For his sole point on appeal, Vance argues the circuit court erred in granting Respondent's Motion to Strike Don Johnson as a party. He argues that the FLSA and the MMWL allow individuals to be deemed statutory employers. He argues that an individual can be a statutory employer alongside a legal entity, and that in determining if an individual is a statutory employer, courts should employ the “economic realities” test rather than engage in state law tests for piercing the corporate veil. He argues that in this case he pleaded facts sufficient to satisfy the economic realities test for Don Johnson to remain as a defendant in the action.
Before we address the merits of Vance's argument, we must determine our standard of review. This requires us to clarify the procedural ambiguities in the record below, a topic on which the parties strenuously disagree. Vance argues that the motion to strike was more properly thought of as a motion to dismiss, but, because the parties included matters outside of the pleadings, that it should be viewed as a motion for summary judgment. Johnson argues that because an evidentiary hearing was held, and because Vance moved for and accepted a “final judgment” from the court, the matter should be viewed as having been tried on the merits by the court. Thus, he argues, the matter should be reviewed as a court-tried case under Murphy v. Carron, 536 S.W.2d 30, 32 (Mo. banc 1976).
We agree with Vance that the motion to strike was more properly considered a motion to dismiss. “[T]he title of a motion is not dispositive; rather, the contents of the motion must be considered.” Murray v. Murray, 326 S.W.3d 543, 546 (Mo. App. 2010) (citation omitted). Rule 55.27(e) states that a party may move to strike from any pleading any “insufficient defense or any redundant, immaterial, impertinent, or scandalous matter,” and yet Johnson's motion made no such allegations. Rather, Johnson argued that he was improperly joined and that A-1 Cabling's corporate form shielded him from liability. At the hearing on the motion, he abandoned any further mention regarding whether or not he was properly joined and argued solely that the evidence was insufficient to pierce the corporate veil. Given that Johnson's arguments, both on paper and orally, were primarily centered on his liability as an individual, we agree that the motion to strike operated as a motion to dismiss.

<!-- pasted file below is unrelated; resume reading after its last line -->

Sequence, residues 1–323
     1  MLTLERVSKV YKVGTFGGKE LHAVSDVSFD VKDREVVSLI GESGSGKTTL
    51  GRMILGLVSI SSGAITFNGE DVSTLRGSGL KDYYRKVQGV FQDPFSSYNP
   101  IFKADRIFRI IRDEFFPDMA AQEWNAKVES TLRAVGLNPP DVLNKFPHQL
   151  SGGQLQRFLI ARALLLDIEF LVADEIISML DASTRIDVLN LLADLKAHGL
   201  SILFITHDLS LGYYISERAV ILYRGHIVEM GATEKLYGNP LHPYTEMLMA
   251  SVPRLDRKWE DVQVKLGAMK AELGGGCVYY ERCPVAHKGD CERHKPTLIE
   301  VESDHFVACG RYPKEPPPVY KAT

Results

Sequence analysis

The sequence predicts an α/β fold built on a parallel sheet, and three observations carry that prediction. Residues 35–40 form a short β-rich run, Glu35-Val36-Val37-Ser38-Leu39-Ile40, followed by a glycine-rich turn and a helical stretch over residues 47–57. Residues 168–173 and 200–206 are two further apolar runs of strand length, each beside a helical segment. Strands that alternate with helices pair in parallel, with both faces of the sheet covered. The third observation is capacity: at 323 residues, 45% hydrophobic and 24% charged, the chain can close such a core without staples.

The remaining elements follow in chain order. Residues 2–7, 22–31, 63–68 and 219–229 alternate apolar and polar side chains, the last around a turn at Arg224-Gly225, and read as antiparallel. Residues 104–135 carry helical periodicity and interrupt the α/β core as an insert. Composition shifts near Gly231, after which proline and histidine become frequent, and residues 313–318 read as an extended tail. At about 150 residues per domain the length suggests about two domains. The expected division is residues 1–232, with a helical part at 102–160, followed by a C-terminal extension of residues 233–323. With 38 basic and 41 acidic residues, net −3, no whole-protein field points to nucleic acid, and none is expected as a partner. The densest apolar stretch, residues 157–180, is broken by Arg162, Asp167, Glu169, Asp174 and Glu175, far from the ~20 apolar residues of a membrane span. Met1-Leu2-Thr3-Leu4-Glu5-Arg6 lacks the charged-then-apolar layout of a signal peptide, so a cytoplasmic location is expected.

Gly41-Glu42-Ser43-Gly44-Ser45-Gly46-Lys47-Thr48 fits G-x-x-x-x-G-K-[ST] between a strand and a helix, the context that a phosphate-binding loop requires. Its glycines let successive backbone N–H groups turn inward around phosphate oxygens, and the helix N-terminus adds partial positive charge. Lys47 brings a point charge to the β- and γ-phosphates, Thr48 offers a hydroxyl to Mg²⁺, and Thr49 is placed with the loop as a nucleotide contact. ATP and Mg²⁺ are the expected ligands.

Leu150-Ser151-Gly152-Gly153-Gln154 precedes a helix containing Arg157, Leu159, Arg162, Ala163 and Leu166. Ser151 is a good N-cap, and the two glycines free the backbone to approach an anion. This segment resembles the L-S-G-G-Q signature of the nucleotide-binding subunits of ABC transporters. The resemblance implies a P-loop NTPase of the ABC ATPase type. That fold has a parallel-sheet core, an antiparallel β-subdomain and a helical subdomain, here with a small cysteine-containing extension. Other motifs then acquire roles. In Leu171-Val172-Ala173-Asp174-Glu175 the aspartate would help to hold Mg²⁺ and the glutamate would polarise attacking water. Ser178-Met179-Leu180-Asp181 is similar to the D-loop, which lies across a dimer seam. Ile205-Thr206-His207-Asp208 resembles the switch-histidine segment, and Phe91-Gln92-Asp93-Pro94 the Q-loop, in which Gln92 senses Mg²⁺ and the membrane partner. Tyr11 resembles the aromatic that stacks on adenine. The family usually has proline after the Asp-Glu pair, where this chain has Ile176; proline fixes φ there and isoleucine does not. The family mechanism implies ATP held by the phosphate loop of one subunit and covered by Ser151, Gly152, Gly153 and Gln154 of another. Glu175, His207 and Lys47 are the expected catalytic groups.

“If the court considers matters outside the pleadings, Rule 55.27(a) allows a motion to dismiss to be converted into a motion for summary judgment if certain procedures are followed.” State ex rel. Cmty. Treatment, Inc. v. Mo. Comm'n on Human Rights, 561 S.W.3d 107, 112 (Mo. App. 2018) (citation omitted). “Where there is no evidence that the court notified the parties that it intended to treat the motion as a request for summary judgment or considered matters outside the pleadings it will be treated as a motion to dismiss.” Id. “When, however, ‘both parties introduce evidence beyond the scope of the pleadings, the motion to dismiss is converted to a motion for summary judgment and the parties are charged with knowledge that the motion was so converted.’ ” Id. (quoting City of N. Kan. City v. K.C. Beaton Holding Co., 417 S.W.3d 825, 830 n. 6 (Mo. App. 2014)).